Meeting Minutes, Philadelphia September 2000 - Center for Professional Responsibility

AMERICAN BAR ASSOCIATION
CENTER FOR PROFESSIONAL RESPONSIBILITY
COMMISSION ON EVALUATION OF THE RULES
OF PROFESSIONAL CONDUCT

MINUTES

Friday, September 15 - Sunday, September 17, 2000
Philadelphia, Pennsylvania

Commission Members Present :
E. Norman Veasey, Chair
Lawrence J. Fox
Albert C. Harvey
Geoffrey C. Hazard, Jr.
Patrick E. Higginbotham
W. Loeber Landau
Margaret C. Love
Susan R. Martyn
David T. McLaughlin
Richard E. Mulroy
Lucian T. Pera
Henry Ramsey, Jr.

Liaison:
Seth Rosner, Center for Professional Responsibility

Guests:
Donald Hilliker, Standing Committee on Ethics and Professional Responsibility
Steven C. Krane, New York State Bar
Robert MacCrate, New York State Bar
Herbert Wander, Commission on Multidisciplinary Practice

Reporters:
Nancy J. Moore
Carl A. Pierce

Staff:
Jeanne P. Gray
Charlotte K. Stretch
Susan M. Campbell

Observers:
See list of observers following minutes.

The Commission meeting was held on Friday, September 15, and Saturday, September 16, from 9 a.m. to 4 p.m. and Sunday, September 17, from 8 to 10 a.m. in Philadelphia, Pennsylvania.

I. Report

Al Harvey reported that he, Chief Justice Veasey and Lucian Pera will meet with Karen Mathis, Chair of the House of Delegates, and ABA Policy Administration staff to discuss the format of the Commission's report and the process of presenting it to the House.

Mr. Harvey circulated a draft plan for educating the Board of Governors, House of Delegates, bar associations and ABA entities about the report. He asked the members to be prepared to contact the entities assigned to them to find out what concerns those entities may have.

ABA President Martha Barnett joined the Commission by telephone to discuss presentation of the report. She suggested that the Commission plan to make presentations to the Board of Governors in October, April and June. She noted that regional bar leaders will be present at these meetings. She advised the Commission of the importance of advance planning. She offered her assistance and encouraged the Commission to use the state delegates as a resource.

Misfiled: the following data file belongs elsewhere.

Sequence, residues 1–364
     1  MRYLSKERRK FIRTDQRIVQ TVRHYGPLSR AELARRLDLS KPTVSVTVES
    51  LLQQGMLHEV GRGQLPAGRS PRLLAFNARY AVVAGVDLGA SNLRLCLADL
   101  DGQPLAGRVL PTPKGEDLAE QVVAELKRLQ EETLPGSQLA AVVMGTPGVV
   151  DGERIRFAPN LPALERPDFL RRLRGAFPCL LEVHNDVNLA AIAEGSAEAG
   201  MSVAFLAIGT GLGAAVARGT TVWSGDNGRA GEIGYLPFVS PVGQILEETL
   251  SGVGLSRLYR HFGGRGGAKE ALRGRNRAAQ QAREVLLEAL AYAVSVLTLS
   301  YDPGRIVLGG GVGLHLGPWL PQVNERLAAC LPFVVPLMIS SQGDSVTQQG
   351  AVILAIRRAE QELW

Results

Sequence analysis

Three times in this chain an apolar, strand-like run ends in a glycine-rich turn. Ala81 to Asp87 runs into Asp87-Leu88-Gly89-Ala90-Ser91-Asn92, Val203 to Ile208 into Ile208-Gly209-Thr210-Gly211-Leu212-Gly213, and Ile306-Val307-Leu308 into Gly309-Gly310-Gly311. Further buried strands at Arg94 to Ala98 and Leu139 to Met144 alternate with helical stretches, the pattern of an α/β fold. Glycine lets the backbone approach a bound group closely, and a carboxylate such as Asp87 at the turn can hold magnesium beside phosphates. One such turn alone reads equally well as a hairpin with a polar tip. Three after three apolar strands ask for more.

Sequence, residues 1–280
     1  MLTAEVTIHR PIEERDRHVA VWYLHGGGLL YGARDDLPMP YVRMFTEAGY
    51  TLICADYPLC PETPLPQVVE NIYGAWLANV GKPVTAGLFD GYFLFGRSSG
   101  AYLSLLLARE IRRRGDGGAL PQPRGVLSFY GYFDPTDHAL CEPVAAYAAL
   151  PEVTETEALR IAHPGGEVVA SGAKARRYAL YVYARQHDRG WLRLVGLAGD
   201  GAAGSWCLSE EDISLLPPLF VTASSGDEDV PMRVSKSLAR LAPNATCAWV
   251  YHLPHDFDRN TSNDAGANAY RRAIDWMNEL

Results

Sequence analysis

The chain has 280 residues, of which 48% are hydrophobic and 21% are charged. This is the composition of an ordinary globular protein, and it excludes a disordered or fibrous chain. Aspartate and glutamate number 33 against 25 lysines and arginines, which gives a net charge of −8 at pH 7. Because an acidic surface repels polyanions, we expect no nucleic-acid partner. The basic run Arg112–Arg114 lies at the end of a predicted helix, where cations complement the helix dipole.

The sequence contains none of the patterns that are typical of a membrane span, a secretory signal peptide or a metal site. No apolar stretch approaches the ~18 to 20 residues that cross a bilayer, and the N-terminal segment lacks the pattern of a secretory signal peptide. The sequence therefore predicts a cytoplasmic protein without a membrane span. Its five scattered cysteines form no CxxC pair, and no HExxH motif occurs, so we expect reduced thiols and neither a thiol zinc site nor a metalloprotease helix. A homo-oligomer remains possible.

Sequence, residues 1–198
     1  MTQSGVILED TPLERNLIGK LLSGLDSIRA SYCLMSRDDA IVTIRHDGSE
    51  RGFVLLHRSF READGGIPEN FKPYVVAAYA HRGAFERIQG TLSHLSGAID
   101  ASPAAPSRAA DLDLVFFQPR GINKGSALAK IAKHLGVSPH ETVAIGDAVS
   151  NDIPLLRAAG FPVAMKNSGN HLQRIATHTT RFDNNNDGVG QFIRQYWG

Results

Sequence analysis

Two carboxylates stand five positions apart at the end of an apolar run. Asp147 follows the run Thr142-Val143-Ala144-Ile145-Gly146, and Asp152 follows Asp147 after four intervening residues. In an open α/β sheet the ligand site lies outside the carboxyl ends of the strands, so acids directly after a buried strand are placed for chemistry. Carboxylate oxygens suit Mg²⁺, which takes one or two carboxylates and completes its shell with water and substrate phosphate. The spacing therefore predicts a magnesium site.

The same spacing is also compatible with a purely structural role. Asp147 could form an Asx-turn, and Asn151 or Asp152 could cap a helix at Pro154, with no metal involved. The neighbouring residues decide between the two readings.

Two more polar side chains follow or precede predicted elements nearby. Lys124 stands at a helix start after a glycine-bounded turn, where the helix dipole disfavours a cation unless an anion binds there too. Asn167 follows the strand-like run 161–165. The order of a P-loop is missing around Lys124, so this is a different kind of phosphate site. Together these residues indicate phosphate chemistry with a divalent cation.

II. Rule 1.7

It was moved and seconded to approve the Reporter's recommendation to not change the requirement that the consent be confirmed in writing. Some members had asked the Reporter to draft something short of a required writing. The Reporter stated that she felt this requirement was one of the most significant proposals of the Commission. She added that the National Organization of Bar Counsel would prefer that the writing be signed by the client in order to make the requirement enforceable but that NOBC prefers the current proposal to any kind of burden-shifting provision.

A member argued that this will be a difficult battle in the House and the Commission should be prepared to compromise. Several members felt that the Commission should put forward the best rule and worry about compromise later. The motion passed 8 to 0.

A motion was made and seconded to approve the proposed sentence at the end of Comment [9] that explains that representation of multiple parties in mediation would be covered under paragraph (b)(1) rather than paragraph (b)(3). The motion passed 7 to 3.